Mets-Padres Position-by-Position 2022 Wild Card Series Breakdown

Alonso and Lindor versus Machado and Soto. deGrom and Scherzer versus Darvish and Snell.

There will be no shortage of star power this weekend in the Wild Card Series between the Mets and Padres at Citi Field, with Game 1 of the best-of-three set starting Friday at 8pm ET / 5pm PT.

The Mets were forced into the Wild Card Series by an even stronger Braves team that defeated them at the very end of the regular season and claimed the National League East title, despite both teams winning 101 games. The Padres, no strangers to elite division competition, finished second after the Dodgers’ 111 wins in the NL West, sending them to New York for the first round of the postseason. Let’s break down all the matchups for the series.

Here’s an overview of the Mets-Padres Wild Card Series by position.

Neither team is particularly strong in the catcher position. For the Mets, Tomás Nido was a good defensive catcher, with +5 framing runs and a fast average pop time of 1.96 seconds; he just doesn’t provide many attacks (.239 batting average, .600 OPS, three home runs). James McCann would take care of the attack, but he has done even less, hitting .195 with a .538 OPS. The Padres have a trio of catches in Austin Nola, Luis Campusano and Jorge Alfaro, none of which were great defensively or offensively. But between the three, they probably put a little more juice on the plate than the masons. Maybe MLB No. 1 Francisco Álvarez will make the post-season roster for New York and wave the catcher battle to the Mets, but for now a small advantage for the Padres.

The Padres go with a combination of Brandon Drury and Wil Myers on first base; they could use Josh Bell there too. None of them are Pete Alonso. Alonso, the rock of the Mets lineup, hit 40 home runs and led the Major Leagues with 131 RBI’s. He started 133 games at first base and 150 on the cleanup spot. He posted a 146 OPS+. On the other hand, Myers had a 108 OPS+ this season, Drury had a 109 OPS+ after the Padres traded for him, and Bell has collapsed massively, with a 75 OPS+ for San Diego.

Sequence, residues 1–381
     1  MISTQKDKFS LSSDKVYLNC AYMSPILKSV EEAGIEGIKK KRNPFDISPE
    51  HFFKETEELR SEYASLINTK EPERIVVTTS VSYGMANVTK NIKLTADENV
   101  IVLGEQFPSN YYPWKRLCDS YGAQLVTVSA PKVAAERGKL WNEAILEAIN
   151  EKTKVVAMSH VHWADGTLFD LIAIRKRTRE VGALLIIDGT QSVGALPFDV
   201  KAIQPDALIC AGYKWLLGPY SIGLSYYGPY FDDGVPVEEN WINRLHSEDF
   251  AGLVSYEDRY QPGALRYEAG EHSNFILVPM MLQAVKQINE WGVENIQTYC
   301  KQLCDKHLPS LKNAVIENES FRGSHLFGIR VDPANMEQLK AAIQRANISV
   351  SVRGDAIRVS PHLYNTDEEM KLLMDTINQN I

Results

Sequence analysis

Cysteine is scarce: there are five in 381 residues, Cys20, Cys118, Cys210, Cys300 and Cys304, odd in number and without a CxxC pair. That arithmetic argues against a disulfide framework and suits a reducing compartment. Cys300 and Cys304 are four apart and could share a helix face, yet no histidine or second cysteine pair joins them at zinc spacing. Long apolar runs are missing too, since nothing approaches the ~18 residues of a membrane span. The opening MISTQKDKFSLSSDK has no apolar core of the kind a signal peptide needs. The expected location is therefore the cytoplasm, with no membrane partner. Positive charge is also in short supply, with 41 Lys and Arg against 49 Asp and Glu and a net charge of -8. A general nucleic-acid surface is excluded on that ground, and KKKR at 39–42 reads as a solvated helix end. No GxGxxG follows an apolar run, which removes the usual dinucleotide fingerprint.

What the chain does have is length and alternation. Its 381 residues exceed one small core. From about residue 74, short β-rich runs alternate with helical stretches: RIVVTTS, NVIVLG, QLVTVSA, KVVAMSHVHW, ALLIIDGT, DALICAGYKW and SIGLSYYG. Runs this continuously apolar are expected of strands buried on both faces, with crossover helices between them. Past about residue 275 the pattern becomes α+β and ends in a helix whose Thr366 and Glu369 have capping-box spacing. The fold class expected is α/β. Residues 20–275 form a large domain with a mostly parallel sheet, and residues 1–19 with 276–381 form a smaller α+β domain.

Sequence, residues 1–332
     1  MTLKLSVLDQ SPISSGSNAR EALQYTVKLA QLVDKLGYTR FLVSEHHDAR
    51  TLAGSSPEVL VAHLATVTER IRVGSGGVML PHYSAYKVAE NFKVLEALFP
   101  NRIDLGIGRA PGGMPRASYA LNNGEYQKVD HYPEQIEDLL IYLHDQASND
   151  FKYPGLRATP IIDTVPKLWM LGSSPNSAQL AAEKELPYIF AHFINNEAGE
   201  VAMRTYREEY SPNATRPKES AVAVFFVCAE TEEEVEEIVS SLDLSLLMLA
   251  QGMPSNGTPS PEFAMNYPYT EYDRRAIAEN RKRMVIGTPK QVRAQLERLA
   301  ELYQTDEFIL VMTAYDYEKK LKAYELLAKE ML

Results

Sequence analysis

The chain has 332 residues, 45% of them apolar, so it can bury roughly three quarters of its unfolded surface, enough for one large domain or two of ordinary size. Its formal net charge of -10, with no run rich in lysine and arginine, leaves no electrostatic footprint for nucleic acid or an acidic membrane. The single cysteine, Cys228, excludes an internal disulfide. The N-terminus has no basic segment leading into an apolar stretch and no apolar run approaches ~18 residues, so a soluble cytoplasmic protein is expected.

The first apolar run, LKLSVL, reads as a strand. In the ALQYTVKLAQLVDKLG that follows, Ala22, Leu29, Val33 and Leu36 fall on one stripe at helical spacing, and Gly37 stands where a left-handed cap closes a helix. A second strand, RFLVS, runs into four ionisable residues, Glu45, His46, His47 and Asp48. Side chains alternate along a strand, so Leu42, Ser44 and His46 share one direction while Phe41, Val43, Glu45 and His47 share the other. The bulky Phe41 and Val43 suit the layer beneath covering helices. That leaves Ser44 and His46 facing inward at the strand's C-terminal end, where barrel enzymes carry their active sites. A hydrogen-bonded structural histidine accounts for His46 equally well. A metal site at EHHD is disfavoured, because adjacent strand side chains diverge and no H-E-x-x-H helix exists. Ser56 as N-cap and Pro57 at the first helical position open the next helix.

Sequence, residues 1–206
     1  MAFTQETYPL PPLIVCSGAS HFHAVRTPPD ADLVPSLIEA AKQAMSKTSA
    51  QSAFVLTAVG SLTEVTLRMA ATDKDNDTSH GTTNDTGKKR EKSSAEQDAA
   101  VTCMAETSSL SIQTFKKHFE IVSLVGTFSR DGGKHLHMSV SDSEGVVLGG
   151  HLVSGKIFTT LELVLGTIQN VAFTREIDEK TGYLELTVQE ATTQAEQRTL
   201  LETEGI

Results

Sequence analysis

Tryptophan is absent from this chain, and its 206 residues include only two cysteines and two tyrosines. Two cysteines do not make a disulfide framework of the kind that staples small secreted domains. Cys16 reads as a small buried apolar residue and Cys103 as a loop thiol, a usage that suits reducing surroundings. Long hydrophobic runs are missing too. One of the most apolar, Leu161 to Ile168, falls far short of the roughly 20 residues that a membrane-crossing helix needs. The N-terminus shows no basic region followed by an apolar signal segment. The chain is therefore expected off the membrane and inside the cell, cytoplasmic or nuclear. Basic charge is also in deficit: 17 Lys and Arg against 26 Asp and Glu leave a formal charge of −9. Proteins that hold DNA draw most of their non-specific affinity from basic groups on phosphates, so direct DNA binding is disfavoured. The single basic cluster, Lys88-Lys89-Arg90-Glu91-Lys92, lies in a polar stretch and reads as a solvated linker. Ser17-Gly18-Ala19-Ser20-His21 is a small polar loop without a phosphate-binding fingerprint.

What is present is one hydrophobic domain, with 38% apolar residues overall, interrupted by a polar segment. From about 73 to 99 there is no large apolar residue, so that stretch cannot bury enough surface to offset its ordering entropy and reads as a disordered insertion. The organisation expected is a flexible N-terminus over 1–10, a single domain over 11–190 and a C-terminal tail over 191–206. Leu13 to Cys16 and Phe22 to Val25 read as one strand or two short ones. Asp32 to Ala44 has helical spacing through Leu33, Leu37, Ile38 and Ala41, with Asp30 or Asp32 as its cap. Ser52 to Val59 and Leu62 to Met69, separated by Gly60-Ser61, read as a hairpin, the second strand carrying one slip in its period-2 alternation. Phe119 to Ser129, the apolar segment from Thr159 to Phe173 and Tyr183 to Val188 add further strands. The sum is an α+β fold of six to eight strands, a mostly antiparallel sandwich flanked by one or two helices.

The Mets ideally have the MLB batting champion on second base in Jeff McNeil. McNeil, who batted .326 in the regular season, also gets some outfield starts, but Tyler Naquin can man right field against the Padres’ rightful starters, and if Starling Marte and/or Darin Ruf are healthy and on the Wild Card Series play roster to take on Blake Snell, McNeil could remain in second place in all series. If not, Luis Guillorme has been able for New York all year, especially defensively. Jake Cronenworth (17 home runs, 88 RBI’s) was an All-Star for the second year in a row in 2022, but if he is up against McNeil at second base, it will go to McNeil.

Sorry, Eduardo Escobar. Manny Machado is a big lead for the Padres here – perhaps their biggest at any position (but read on). Machado is one of the top NL MVP candidates, along with Paul Goldschmidt and Nolan Arenado of the Cardinals, hitting .296 with 32 home runs, 102 RBIs and +8 outs above average in defense. His 7.4 fWAR led the National League and was behind only Aaron Judge and Shohei Ohtani in all of MLB. Escobar hit 20 home runs for the Mets this season, but he’s nowhere near Machado’s level.

Francisco Lindor vs. Fernando Tatis Jr. would have been one of the most important matchup fights in any playoff series. But Tatis won’t play this season, so instead it’s Lindor, who won New York with a resurgent second season there, vs. Ha Seong Kim. Kim has done a great job holding the shortstop position in the absence of Tatis (150 games played, 11 home runs, 12 stolen bases) but just isn’t the difference maker that Tatis is – or Lindor is. The Mets star finished the season with 26 home runs, 16 steals and a career-high 107 RBIs while playing an outstanding shortstop with +13 outs above average.